So what’s it like to operate a restaurant with a staff of culinary students that turns over three times a year? Fun? Stressful?
“It’s a little of both,” Course executive chef Mike Vandenburg admitted. “I tell people it’s like opening a new restaurant every 16 weeks. But for our students, it’s a good experience.”
Course is the restaurant on site for Southeast Community College’s Great Plains Culinary Institute, 8800 O St., where culinary students get real-world experience from food prep to working the line to waiting tables before they head out into, well, the real world.
It’s also where you can enjoy a pretty darn good lunch at a reasonable price. I savored a dish of drunken noodles with fried tofu ($11) that rivaled any I’ve eaten at Lincoln’s established Thai restaurants.
The menu changes each semester and features a half-dozen entrees, three appetizers and three desserts. The current menu introduced at the beginning of September, will run until Dec. 17, when the restaurant closes as a new batch of students get ready to reopen it again at the end of January.
Course has been open for a year now under the guidance of Vandenberg, an SCC graduate with 17 years experience in the food industry. He was the chef de cuisine at Single Barrel, where he worked with executive chef and SCC instructor Brandon Harpster, before taking over the school eatery.
The restaurant is at the entrance of the culinary institute. It’s a big, contemporary room featuring an open kitchen at the back. You can watch Vandenberg and the students as they work. The lighting in the dining room is quite striking with tiny pendant lights hanging from the ceiling, giving the effect of fireflies.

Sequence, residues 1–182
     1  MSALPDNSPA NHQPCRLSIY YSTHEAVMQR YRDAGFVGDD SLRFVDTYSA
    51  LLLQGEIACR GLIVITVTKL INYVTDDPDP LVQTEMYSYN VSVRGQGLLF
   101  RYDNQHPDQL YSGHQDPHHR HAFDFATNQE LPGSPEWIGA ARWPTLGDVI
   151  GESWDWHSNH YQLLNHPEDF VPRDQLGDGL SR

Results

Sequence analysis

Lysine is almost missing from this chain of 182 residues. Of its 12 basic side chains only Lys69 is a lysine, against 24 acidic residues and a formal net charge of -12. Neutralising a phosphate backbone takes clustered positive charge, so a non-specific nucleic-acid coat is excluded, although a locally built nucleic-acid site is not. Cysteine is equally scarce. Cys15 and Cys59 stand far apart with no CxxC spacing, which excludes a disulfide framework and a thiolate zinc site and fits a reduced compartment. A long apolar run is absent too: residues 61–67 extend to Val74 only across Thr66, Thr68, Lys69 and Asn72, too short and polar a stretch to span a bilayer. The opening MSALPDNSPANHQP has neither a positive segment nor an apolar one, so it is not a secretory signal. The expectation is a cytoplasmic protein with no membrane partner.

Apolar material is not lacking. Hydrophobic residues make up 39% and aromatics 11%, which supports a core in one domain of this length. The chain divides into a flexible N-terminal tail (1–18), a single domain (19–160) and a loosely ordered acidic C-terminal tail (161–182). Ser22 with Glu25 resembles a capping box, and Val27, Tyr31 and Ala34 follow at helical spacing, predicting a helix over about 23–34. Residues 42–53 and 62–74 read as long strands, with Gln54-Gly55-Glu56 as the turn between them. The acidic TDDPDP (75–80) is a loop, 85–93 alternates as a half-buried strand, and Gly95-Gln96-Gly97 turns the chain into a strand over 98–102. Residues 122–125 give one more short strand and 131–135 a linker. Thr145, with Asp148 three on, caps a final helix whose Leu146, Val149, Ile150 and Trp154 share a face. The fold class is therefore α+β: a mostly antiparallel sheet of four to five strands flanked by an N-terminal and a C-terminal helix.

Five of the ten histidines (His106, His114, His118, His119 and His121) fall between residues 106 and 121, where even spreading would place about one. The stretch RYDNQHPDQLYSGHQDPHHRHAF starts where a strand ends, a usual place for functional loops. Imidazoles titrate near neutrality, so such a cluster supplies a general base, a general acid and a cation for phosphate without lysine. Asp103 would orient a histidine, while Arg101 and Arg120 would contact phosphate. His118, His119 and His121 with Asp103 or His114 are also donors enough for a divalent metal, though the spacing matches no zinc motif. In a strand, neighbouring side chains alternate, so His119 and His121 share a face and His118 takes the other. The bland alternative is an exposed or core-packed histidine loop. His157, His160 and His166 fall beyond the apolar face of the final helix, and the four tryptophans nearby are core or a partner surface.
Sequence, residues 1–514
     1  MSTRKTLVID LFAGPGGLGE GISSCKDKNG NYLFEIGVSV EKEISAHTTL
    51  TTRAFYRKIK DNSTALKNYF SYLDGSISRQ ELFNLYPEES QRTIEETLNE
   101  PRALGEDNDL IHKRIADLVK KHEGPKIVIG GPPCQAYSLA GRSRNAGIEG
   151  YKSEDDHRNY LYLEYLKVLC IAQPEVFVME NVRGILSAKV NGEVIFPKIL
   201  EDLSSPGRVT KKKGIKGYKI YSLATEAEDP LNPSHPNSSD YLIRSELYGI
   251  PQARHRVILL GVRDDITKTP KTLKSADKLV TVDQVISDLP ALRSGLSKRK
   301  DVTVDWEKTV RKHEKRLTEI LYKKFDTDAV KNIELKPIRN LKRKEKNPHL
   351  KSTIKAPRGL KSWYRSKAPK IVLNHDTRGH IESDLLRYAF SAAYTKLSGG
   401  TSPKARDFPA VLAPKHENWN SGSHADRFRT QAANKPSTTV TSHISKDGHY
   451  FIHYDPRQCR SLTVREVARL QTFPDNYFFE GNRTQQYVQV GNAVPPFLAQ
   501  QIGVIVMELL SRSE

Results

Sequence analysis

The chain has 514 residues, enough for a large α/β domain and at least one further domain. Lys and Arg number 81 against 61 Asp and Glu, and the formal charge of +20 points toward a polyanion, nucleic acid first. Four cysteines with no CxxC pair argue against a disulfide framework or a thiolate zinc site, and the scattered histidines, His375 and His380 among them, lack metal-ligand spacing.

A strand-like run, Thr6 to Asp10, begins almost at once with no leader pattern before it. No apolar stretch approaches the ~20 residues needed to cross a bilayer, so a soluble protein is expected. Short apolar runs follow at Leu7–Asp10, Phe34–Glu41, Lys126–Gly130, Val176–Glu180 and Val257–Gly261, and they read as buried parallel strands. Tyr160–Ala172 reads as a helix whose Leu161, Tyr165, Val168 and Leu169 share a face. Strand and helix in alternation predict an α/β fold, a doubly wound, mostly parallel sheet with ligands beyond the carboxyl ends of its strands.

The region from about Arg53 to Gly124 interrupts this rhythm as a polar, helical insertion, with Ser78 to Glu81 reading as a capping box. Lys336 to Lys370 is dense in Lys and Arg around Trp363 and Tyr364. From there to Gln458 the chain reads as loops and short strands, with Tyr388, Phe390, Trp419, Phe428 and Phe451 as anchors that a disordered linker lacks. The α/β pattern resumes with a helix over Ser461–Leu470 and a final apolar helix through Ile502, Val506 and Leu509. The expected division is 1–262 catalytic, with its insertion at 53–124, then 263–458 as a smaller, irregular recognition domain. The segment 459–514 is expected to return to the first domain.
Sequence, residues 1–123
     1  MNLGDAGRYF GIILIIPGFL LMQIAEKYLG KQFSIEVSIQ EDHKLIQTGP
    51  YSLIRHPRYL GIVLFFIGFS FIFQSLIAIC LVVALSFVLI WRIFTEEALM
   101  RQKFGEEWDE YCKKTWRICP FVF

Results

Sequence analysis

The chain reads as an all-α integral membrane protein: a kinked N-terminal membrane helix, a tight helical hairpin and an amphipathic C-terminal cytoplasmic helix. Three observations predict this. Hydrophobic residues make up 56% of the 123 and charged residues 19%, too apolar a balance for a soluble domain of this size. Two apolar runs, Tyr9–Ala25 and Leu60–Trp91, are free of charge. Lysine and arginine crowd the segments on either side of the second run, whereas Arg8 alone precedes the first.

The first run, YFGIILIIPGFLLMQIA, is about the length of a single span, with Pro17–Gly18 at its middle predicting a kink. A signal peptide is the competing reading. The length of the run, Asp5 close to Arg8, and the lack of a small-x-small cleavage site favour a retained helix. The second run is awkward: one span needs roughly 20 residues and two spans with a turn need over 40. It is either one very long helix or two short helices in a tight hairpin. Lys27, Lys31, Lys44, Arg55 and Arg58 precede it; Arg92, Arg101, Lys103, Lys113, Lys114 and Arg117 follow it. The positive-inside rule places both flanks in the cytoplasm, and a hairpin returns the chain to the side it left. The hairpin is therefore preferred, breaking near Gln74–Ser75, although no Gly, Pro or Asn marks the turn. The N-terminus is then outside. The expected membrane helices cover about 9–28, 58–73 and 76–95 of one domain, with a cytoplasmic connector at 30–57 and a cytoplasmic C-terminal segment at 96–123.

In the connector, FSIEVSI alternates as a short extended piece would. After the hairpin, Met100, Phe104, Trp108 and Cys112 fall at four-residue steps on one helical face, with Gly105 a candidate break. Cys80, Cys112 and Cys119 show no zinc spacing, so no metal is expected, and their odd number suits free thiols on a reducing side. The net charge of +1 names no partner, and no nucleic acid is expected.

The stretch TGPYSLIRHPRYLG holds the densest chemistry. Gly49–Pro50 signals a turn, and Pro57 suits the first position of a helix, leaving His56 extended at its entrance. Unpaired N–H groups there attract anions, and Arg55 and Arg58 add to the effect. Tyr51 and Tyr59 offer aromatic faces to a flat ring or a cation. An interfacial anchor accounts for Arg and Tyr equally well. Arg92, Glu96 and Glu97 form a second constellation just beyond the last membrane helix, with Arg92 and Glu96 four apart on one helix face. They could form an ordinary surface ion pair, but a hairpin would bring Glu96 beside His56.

Course is open for lunch from 11 a.m. to 2 p.m. Monday-Thursday when school is in session. Next week the restaurant will be closed Monday and Tuesday for fall break, and will reopen Wednesday. Course also is available to rent for special events.
The students who make up Vandenberg’s staff are near graduation, having completed most of SCC’s culinary courses. Course introduces students to what it will be like to work in a restaurant.
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“Here they make a hollandaise sauce every day rather than once for a class,” Vandenberg said.
The menu Vandenberg designs for the students to implement is diverse, affording them opportunities to work with different meats and vegetables, to serve special dietary needs and to experiment within a variety of genres.
The current menu, for instance, features a Vietnmese banh mi sandwich ($9), with a vegetarian option, and the aforementioned Thai drunken noodles, also with a veggie option. The menu also has a good ole all-American burger, with a gourmet touch. The Great Plains Burger ($9) includes a bacon marmalade, mushroom duxelle (spread), crispy onions, pepper jack cheese, aioli and lettuce. Available on a house-made sesame or a gluten-free bun, the burger is served with root vegetable chips or curried potato salad.
Other items this semester are a grilled salmon nicoise salad ($12, gluten-free), a miso-glazed pork ($11) and a mahi mahi veracruz ($12, gluten-free), which my wife enjoyed on our visit. It was served with a delicious fig risotto and smoked corn relish. Entrees ranged from $9 to $12.
Patrons have the option to embark on the “Tour de Course” by adding an appetizer and dessert to any entree for an additional $7. I did so, selecting the fish tacos (regularly 2 for $4, gluten-free) and not-on-the-menu almond pound cake (regularly $4). Vandenberg said the bakery/pastry students come up with a dessert special each week.
Other appetizers are a pumpkin chorizo chili (gluten-free) and a spinach Caesar salad. Menu desserts are an apple cinnamon creme brulee (gluten-free) and a Mexican chocolate cheesecake.
Vandenberg said half of Course’s customers are taking the tour, which gives patrons a three-course meal for under $20.
“It gives you a chance to try more things on the menu,” he said. Which is always a good thing.